"The Red Trade Union International: The First World Congress of Revolutionary Unions," by Earl R. Browder [events of July 3-??, 1921] Pioneer American Communist Earl R. Browder, a delegate to the 1st World Congress of the Profintern held in Moscow in the summer of 1921, provides an account of the gathering for the members of the Workers Party of America. Browder characterizes the gathering as the "culmination of a long historical development in the principles and tactics of the international labor movement" in which the wartime use of European trade unions as recruiting grounds for the army and post-war period of the trade unions being instruments of the immediate political situation, in which the bureaucratic leadership of the unions had blocked the revolutionary impulses of the rank and file, had given way to a new phase. "By the spring of 1920 a great movement of revolt against the reactionary control of the trade unions by the international organization at Amsterdam was in full swing throughout Europe," Browder asserts, adding that "this revolt was spontaneous, chaotic and unorganized, and without center or directing head. "The first steps taken to unite all these forces into one disciplined body were taken in Moscow in July 1920, when the leaders of the Russian trade unions took advantage of the presence of many union representatives from England, Italy, France, and other countries, some of whom were attending the Congress of the Communist International, and invited them to confer," Browder states. Anti-political revolutionary syndicalists chose to participate in the 1st World Congress of the Profintern in an attempt to capture it, but this tendency was decidedly in the minority, Browder notes. Browder promises further commentary on the specific issues of division in a future article, which does not appear to have made print in the pages of The Worker.
"W.Z. Foster, Back from Europe, Pins Faith on Economic Action: Labor Man Slips Quietly Into US After Months in Russia, Italy, Germany, France, England -- Confident of Soviets' Success and Leadership of ACW Here." [Sept. 15, 1921] This article from the pages of the Socialist Party's New York Call documents the return of William Z. Foster from his extended tour of Russia, Germany, Italy, England, and France on behalf of the Federated Press. The friendly writer of this piece indicates that "There are two things of which Foster remains sincerely convinced: that the Russian revolution is a success and that the Amalgamated Clothing Workers of America will continue to be the leader among American labor organizations." Foster is characterized as "an optimist, confident of the ultimate victory of the working class in the very near future," despite his belief that the world was enmeshed in a "trough of reaction," with the revolutionary movement stilted across Europe. The Call writer says that Foster argued that one of the most serious problems facing the European labor movement was "the lack of restraint of the younger men." Foster recalled that in Germany and Italy "the workers were continually called on strike, how often at intervals of only 2 or 3 days, for Mooney, for Russia, because some leader had been assaulted, and for hundreds of trifling incidents in the course of events. The workers have struck time and again and nothing has happened. They have become tired of striking." The revolutionary moment had particularly passed in Germany, in Foster's estimation, where "with 9 million members in the unions alone and the workers thoroughly conscious of their political power, the average workman laughs when asked about the revolution."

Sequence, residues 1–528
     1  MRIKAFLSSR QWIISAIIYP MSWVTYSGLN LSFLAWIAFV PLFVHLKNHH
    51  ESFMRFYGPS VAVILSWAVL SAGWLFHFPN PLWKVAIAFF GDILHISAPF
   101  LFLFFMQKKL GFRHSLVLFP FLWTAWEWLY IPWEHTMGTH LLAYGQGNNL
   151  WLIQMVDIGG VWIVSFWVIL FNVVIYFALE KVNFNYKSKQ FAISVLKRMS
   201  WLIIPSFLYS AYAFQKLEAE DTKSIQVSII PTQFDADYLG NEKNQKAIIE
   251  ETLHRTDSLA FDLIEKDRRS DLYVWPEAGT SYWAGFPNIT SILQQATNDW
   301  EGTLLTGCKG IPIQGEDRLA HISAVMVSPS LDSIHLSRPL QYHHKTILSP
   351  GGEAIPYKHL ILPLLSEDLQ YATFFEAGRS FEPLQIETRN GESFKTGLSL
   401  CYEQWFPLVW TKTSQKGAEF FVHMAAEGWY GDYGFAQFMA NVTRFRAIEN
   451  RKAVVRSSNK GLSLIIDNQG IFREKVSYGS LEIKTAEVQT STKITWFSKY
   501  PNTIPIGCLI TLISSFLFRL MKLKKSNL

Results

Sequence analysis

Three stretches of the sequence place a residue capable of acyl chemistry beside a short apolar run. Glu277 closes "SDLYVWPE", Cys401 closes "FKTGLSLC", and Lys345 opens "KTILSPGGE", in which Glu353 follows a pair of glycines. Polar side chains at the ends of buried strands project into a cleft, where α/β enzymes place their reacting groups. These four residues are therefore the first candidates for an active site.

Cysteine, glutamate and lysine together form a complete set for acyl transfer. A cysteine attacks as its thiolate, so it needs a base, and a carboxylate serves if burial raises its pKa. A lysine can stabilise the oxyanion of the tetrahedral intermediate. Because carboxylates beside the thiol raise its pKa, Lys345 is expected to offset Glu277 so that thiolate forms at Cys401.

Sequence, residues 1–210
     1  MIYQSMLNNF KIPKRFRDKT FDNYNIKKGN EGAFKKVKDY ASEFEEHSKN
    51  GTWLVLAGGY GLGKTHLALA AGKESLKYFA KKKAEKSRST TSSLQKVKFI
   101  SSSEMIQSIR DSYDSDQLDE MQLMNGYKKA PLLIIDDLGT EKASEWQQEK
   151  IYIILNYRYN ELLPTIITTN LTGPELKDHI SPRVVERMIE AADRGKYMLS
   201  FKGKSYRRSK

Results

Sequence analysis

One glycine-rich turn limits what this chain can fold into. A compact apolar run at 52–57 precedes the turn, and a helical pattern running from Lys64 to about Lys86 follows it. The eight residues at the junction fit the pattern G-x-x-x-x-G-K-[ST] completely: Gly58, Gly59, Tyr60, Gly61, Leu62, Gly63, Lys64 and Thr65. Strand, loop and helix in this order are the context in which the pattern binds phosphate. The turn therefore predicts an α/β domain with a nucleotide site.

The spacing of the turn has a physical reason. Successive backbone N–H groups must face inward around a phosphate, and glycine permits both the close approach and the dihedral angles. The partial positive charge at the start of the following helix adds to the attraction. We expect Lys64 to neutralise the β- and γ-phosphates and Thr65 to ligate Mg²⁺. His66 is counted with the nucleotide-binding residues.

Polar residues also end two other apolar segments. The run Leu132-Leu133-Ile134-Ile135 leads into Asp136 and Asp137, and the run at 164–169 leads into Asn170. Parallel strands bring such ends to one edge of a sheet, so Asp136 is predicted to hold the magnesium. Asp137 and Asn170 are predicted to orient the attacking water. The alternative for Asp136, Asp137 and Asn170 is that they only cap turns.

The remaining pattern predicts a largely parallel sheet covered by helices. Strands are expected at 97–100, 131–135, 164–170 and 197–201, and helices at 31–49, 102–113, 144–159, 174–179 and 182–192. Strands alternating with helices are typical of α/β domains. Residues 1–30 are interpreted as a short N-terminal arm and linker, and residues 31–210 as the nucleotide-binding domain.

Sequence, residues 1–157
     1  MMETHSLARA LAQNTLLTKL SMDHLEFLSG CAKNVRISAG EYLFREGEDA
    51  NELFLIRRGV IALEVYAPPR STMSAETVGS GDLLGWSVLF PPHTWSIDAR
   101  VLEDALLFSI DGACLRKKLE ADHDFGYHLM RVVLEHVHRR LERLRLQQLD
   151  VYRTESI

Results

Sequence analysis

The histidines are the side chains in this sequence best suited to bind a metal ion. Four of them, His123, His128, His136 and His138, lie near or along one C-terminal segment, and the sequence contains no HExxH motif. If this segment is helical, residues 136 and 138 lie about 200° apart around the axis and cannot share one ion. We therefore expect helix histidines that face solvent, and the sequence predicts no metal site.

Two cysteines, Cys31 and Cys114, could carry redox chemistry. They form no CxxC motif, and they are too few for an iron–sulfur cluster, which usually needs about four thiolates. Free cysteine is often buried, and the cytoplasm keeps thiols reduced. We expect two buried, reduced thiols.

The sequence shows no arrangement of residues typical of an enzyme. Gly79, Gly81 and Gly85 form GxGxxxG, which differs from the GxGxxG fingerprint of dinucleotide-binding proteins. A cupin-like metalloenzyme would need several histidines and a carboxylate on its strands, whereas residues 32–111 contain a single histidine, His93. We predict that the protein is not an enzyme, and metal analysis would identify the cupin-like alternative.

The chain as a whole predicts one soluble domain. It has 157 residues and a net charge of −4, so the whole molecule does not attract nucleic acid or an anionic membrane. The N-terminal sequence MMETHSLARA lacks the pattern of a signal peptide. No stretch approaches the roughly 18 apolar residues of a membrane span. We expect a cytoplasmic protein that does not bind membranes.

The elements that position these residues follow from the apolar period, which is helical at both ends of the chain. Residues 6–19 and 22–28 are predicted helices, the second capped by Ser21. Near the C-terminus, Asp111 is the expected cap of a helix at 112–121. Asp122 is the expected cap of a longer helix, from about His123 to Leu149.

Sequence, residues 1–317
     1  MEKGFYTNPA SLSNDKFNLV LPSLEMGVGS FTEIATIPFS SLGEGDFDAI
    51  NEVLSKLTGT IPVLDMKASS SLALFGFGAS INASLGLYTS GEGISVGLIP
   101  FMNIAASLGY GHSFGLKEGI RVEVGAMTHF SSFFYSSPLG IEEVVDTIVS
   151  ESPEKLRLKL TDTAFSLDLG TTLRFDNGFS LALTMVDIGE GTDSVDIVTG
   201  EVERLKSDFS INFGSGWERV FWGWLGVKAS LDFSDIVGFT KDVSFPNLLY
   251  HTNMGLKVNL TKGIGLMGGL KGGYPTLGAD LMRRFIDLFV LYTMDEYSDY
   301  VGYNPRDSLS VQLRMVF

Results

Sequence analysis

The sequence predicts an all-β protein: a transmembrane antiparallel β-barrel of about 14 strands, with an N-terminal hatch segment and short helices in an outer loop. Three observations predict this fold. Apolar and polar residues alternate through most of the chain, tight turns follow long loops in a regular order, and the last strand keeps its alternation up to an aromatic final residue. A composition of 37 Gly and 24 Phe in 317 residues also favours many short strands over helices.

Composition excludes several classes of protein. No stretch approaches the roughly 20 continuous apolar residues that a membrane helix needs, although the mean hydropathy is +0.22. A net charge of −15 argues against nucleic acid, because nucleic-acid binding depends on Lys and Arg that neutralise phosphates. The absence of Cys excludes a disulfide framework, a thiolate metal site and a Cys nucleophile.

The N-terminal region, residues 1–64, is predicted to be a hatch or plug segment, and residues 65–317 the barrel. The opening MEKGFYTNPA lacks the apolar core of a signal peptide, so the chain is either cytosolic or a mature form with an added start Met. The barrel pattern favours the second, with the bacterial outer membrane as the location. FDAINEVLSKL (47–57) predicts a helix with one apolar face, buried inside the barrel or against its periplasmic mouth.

"The Principles and Program of the Trade Union Educational League," by William Z. Foster [March 1922] This early leaflet of the Trade Union Educational League reprints an article by the group's founder, William Z. Foster, on the thinking behind the organization. America was marked by a particularly backwards state of unionism, in Foster's view, with fewer than 4 million out of 27 million workers unionized -- a far lower rate than that of Germany or Great Britain. Worse still, these unionized workers were dissipated throughout a maze of craft unions, often at cross-purposes with one another. These unions were furthermore in their political infancy, Foster states, not having "advanced to the point of even rudimentary political class consciousness." With two international organizations of unions in the field, the "reformists" of Amsterdam and the "revolutionaries" of Moscow, the "pitiful" conservative American trade union establishment was, alone in the world, unwilling to join either "on the ground that both are too revolutionary." TUEL was organized to combat the 30 year trend of radical workers deserting the "backward" and "ultra-conservative" American union movement, Foster states. He announces a determination to "develop trade unions from their present antiquated and stagnant condition into modern, powerful labor organizations capable of waging successful warfare against Capital. To this end it is working to revamp and remodel from top to bottom their theories, tactics, structure, and leadership. Instead of advocating the prevailing shameful and demoralizing nonsense about harmonizing the interests of Capital and Labor, it is firing the workers' imagination and releasing their wonderful idealism and energy by propagating the inspiring goal of the abolition of capitalism and the establishment of a workers' republic." A dual structure of TUEL organization is posited including "general groups" formed in localities as well as others formed as "industrial sections." A non-dues organization, the sale of "pamphlets, bulletins, journals, etc." was to be paramount, with the monthly magazine The Labor Herald proclaimed to be the official conduit of a "burning message of constructive unionism and solidarity."